Each month, we post a series of blogs around a common topic. This month, Susan Young Thornton is curating a series highlighting ministry on the Pacific coast — a diverse, rapidly changing, and dizzyingly complex part of the country, and home to our upcoming 2019 National Gathering. We’ll hear from individuals serving in a variety of ministry settings about the struggles and blessings of living into God’s call on the West Coast. What is it really like to serve in this region? We invite you to join the conversation on Facebook and Twitter!
by Robin Clardy
Ministry takes different forms. As a Presbyterian pastor in a validated ministry, I provide pastoral counseling, spiritual direction, and church consultation on end-of-life issues. In my elected position as moderator for the Presbytery of Los Ranchos, I moderate business and committee meetings, install pastors, and represent and speak on behalf of the presbytery at ceremonies and special meetings. In all of this I am called upon to preach, teach, and present at workshops and retreats. No matter the setting I find that people desire to be known, accepted, and loved. We want to know that our actions serve a purpose and our lives have meaning.
I am grateful to listen to people tell their stories, which can be messy, disorganized, or in transition. They can be filled with pain, tragedy, longing, and loss. They come from people who have known great wealth or scrape to get by. They come young and old alike. How we tell our stories and own our stories matters. How we are allowed to have our stories matters. It takes time to unpack our stories.
I hear many stories. Los Ranchos just celebrated 50 years of stories in grand style at one of our churches. We worked hard to tell stories of our successes and challenges. We invited churches to tell their stories. They highlighted where we’ve been, where we are, and where we are going. These many and different voices told our collective story.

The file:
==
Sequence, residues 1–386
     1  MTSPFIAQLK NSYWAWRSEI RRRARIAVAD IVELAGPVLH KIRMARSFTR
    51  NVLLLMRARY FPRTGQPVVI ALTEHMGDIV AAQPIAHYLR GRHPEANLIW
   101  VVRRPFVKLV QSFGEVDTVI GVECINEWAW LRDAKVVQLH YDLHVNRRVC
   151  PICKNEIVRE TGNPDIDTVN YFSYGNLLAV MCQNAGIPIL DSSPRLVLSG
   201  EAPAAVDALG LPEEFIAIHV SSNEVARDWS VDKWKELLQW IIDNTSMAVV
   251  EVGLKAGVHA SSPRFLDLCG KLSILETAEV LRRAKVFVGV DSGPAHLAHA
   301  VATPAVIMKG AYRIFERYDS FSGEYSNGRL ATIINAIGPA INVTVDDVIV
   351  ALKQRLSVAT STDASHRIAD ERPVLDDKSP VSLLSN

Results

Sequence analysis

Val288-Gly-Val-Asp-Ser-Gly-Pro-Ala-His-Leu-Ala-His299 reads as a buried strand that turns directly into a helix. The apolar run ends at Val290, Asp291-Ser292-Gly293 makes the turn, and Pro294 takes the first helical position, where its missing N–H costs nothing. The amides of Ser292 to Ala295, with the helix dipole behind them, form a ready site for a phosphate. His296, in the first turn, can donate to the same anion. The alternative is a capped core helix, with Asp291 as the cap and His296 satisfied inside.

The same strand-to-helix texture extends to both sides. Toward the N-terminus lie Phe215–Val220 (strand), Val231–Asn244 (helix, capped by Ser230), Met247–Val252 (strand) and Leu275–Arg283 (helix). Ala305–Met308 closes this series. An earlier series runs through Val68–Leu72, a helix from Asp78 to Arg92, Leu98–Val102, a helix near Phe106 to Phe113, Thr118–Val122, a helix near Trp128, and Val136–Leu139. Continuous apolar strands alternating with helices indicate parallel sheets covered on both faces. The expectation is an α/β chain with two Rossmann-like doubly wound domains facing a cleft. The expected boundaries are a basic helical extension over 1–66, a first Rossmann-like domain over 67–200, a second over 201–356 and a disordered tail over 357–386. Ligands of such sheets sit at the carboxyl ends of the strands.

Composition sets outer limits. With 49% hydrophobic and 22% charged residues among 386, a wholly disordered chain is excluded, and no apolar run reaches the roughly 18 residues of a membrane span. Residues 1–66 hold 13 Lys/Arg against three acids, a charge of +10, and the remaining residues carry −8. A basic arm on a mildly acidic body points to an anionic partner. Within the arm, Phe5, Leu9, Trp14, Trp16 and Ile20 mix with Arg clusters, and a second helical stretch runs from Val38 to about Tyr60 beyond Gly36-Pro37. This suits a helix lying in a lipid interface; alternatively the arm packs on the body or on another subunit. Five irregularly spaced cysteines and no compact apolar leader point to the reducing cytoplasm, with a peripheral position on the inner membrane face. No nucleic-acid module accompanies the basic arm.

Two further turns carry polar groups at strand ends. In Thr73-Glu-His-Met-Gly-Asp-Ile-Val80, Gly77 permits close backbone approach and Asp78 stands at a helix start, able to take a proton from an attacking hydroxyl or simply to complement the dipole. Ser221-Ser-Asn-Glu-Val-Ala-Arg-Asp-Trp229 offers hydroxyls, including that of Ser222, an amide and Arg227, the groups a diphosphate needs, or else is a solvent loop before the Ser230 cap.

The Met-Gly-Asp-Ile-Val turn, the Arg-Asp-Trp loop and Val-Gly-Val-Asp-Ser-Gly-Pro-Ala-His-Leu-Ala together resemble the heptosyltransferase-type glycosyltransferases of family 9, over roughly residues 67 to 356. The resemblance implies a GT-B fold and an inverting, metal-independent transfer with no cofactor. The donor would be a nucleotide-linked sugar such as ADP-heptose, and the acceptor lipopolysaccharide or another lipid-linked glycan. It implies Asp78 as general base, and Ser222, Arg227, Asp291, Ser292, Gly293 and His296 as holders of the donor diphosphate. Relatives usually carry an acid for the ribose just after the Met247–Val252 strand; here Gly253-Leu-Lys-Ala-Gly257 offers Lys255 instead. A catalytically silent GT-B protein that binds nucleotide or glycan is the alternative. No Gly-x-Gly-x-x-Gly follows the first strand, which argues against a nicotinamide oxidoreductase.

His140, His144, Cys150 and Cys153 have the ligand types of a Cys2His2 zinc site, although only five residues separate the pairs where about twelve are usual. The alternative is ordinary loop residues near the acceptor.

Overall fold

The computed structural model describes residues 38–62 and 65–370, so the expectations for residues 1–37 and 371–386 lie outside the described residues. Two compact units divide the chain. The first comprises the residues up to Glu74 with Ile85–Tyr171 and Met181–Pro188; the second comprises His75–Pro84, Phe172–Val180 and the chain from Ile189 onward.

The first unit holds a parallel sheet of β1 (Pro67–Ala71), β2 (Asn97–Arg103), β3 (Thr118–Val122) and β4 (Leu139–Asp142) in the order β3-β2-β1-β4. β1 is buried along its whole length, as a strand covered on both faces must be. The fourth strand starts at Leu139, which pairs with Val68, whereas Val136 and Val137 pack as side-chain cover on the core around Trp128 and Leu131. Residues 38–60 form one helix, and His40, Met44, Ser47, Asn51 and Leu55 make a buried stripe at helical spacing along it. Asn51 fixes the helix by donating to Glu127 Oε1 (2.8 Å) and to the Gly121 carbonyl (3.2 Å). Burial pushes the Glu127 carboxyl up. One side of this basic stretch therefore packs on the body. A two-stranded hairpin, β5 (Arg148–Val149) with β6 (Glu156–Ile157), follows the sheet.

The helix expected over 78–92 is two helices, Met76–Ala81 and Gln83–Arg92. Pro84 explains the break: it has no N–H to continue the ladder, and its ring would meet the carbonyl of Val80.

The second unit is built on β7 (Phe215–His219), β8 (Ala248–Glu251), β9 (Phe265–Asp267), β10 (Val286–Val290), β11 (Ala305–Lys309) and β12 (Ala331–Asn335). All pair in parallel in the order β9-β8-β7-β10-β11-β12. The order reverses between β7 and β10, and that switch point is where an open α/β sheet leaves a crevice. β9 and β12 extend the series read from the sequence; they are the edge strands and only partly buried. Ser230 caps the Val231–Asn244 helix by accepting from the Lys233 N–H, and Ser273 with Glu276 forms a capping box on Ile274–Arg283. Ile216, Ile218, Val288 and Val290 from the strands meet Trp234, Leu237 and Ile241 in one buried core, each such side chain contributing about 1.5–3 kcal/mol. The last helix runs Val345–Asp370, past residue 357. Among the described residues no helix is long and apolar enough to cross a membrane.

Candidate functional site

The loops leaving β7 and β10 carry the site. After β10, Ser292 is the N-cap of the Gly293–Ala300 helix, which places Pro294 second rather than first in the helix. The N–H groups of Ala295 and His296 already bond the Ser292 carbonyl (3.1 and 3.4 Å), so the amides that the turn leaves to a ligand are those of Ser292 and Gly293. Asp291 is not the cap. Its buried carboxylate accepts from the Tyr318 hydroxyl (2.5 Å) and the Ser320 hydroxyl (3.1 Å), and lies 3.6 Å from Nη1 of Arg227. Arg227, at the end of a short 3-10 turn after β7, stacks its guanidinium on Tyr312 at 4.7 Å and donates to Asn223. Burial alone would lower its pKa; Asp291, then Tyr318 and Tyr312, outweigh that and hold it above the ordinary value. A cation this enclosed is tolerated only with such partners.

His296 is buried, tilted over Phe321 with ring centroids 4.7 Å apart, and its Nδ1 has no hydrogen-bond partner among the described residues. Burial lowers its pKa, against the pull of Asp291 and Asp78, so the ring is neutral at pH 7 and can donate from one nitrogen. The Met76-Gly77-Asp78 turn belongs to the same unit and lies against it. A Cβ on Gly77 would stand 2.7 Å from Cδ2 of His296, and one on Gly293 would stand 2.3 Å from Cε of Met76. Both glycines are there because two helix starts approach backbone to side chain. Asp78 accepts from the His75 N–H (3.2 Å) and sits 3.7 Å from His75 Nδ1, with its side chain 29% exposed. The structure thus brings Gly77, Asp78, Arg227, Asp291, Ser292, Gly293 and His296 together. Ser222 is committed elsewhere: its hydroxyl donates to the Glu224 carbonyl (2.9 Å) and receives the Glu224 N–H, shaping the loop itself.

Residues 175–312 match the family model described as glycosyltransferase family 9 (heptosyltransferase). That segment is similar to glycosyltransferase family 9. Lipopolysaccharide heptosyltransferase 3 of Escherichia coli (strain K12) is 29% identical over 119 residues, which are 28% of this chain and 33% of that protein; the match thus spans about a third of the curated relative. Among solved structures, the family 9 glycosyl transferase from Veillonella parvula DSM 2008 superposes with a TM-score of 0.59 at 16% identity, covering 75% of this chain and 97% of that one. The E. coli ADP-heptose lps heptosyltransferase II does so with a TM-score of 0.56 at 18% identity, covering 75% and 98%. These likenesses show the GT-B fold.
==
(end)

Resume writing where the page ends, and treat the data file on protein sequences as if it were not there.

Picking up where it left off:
I also visit our churches and new worshipping communities, where I hear the stories of their hopes and their challenges. I have found faithful 90-year olds who still serve and care for others in the congregation. I have discovered deacons who maintain relationships with members long past their ability to attend church. I have heard from pastors challenged by their aging congregations and saddened by the continual stream of memorial services they officiate. I talk with pastors, elders, and members who are committed to rolling up their sleeves to pitch in and build houses for those needing sustainable, affordable housing. I’ve listened to those who are doing jail ministry, refugee resettlement, shower ministry, after-school programs, working on behalf of farm workers’ rights, ending gun violence, rights for the mentally ill, #me-too movement; this is just scratching the surface.
I let these stories inform me as I help lead the presbytery. I learn from those who live a different life, speak a different language, have a different culture, and face different challenges. I hear, and I learn. I‘ve learned that we are the same: we need to be respected, listened to, appreciated, equipped, resourced, and allowed to do what God has put in our hearts. I’ve learned the importance of stepping aside so that someone else can step in. I have learned to be silent so that someone might speak up. I’ve learned to slow down and consider that which I see with my eyes, but have no understanding of. I’ve learned to let people tell their stories in their way and to speak up when it is helpful and needed.
I pray that we all take time to listen to the stories of those around us, those in our church, presbytery, community. Listen for people’s longings, hopes, desires. Listen to how they want to belong. We all can do this, pastor, moderator, elder, layperson alike. And may our horizons be broadened by our understanding and learn from these stories. May we build bridges to cross the divide that separates us.
Robin Clardy, a pastoral counselor, spiritual director, and former hospice chaplain, is moderator of the Presbytery of Los Ranchos.